I've mentioned before that I once had to get a special dispensation to work at a newspaper because my degree was not in journalism but, rather, in economics. Have you ever been in a newsroom with a bunch of journalism grads who don't know how to calculate anything meaningful about, say, the most recently released budget document because, well, their degrees are in journalism? I have. It's not pretty. If you think some reporters have trouble getting religion, let me assure you that many reporters also have trouble getting statistics. A perfect example of how those two things collide is the incessantly repeated statistic we've been subjected to this week. Here's NPR from last week:
But not all Catholics share that view when it comes to birth control. In fact, 98 percent of Catholic women use birth control at some point in their lifetimes.
Here's The Atlantic, just throwing a bunch of numbers up:
It's surely a fact that the Catholic Church's higher-ups don't want to hear, but it's one that the White House has heralded in his defense of the new (and today, amended) requirement for Catholic employers to offer insurance that covers contraceptives. "According to a study by the Guttmacher Institute, most women, including 98 percent of Catholic women, have used contraception," the White House's blog wrote last week. They were referring to an April 2011 report from the organization that describes its mission as to "advance sexual and reproductive health and rights." The 98 percent was among all Catholic women who have had sex and did not include "natural family planning," i.e. the only officiallly Church-sanctioned method of preventing pregnancies. That number is nearly indistiguishable from the reported 99 percent of all American women who say they have used contraception. These are the key bits from Guttmacher Institute's "Countering Conventional Wisdom: New Evidence on Religion and Contraceptive Use"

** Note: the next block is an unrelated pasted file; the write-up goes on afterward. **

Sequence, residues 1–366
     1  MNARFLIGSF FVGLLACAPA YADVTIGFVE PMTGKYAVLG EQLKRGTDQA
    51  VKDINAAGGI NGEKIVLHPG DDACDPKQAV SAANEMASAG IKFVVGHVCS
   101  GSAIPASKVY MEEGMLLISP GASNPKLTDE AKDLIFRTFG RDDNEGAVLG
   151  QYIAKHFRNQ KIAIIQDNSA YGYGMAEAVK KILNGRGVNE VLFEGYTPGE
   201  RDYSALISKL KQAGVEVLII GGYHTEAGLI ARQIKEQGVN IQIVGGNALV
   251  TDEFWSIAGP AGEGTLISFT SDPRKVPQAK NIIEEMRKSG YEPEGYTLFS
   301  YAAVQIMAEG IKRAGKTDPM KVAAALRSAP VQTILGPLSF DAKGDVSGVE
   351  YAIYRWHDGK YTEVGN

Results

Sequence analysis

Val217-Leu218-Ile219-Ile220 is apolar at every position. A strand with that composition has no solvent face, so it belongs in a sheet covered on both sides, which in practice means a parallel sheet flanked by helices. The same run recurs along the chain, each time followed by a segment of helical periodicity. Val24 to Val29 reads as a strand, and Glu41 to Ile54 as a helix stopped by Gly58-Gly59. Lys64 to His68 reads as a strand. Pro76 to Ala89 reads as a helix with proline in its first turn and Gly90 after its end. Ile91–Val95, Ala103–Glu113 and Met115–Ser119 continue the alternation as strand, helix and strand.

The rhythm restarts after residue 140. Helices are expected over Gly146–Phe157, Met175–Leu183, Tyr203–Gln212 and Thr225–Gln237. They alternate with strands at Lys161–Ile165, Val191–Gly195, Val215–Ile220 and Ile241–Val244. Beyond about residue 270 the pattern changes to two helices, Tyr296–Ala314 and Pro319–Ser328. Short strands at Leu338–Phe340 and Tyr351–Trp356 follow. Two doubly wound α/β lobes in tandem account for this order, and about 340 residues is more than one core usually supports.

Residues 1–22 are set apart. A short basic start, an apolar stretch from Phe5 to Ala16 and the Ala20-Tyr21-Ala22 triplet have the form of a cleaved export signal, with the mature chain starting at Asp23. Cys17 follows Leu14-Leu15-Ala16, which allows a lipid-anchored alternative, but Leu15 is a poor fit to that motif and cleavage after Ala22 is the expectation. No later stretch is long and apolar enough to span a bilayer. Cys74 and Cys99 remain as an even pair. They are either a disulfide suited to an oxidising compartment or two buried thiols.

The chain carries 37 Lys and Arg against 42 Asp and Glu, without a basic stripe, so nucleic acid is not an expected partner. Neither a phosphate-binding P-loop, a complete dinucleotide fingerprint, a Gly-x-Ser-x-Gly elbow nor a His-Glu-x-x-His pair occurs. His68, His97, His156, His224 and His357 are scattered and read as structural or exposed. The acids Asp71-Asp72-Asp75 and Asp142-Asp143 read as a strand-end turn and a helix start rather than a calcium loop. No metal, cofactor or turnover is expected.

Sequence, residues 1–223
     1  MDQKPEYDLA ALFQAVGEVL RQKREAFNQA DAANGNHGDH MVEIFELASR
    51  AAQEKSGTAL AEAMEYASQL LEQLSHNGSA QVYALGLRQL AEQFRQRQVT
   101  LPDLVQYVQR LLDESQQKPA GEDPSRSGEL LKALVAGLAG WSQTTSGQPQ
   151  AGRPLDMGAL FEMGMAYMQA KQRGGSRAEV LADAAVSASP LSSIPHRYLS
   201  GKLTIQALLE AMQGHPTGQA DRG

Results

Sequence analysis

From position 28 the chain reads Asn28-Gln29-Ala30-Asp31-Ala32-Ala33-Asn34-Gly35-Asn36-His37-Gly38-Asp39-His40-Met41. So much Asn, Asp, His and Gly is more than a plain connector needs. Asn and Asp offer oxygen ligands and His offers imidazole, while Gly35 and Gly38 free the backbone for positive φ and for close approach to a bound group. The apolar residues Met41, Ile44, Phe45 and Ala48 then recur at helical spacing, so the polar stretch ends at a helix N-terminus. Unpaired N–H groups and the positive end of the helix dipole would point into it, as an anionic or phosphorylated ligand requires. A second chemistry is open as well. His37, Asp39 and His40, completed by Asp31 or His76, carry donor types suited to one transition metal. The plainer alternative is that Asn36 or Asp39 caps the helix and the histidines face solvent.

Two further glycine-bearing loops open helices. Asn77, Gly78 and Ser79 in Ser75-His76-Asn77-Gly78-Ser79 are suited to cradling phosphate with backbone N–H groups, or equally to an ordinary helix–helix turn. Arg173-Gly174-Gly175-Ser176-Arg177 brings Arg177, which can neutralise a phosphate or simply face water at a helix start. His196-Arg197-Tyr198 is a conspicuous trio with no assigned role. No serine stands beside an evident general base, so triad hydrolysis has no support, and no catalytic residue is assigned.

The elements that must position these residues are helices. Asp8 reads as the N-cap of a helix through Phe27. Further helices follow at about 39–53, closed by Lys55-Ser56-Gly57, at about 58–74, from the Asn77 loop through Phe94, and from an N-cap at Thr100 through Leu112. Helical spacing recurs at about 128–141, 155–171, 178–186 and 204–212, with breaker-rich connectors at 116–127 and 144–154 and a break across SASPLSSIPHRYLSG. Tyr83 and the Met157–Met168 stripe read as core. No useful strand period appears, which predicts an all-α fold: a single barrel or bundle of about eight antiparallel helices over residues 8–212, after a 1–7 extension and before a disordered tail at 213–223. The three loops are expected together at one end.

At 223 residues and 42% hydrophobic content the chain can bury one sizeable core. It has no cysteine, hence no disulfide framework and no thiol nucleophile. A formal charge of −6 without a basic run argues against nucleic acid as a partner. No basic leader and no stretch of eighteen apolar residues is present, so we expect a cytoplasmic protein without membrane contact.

The typos might suggest something about the accuracy of the general argument. It's fine, I suppose, to use White House talking points in a story or to cite the abortion rights supporting Guttmacher Institute without noting its relationship with Planned Parenthood. But in this case, Guttmacher erred in what it claimed were the results of its own study.
Guttmacher did say in its summary that "Among all women who have had sex, 99% have ever used a contraceptive method other than natural family planning. This figure is virtually the same, 98%, among sexually experienced Catholic women."
But that's not in any way an accurate statement of what its own survey found.
On the very same page, it explains that its survey was restricted to women aged 15-44, so that cuts out all women who were older than 44 at the time of the survey. And a footnote explains that a rather significant chunk of women were excluded from this figure of "all women" -- namely, women who are pregnant, post-partum or trying to get pregnant." A later footnote says that the only women who had sex in the last three months were included in this group. Finally, included in this 98 percent figure of current contraceptive users are the 11 percent who report no method.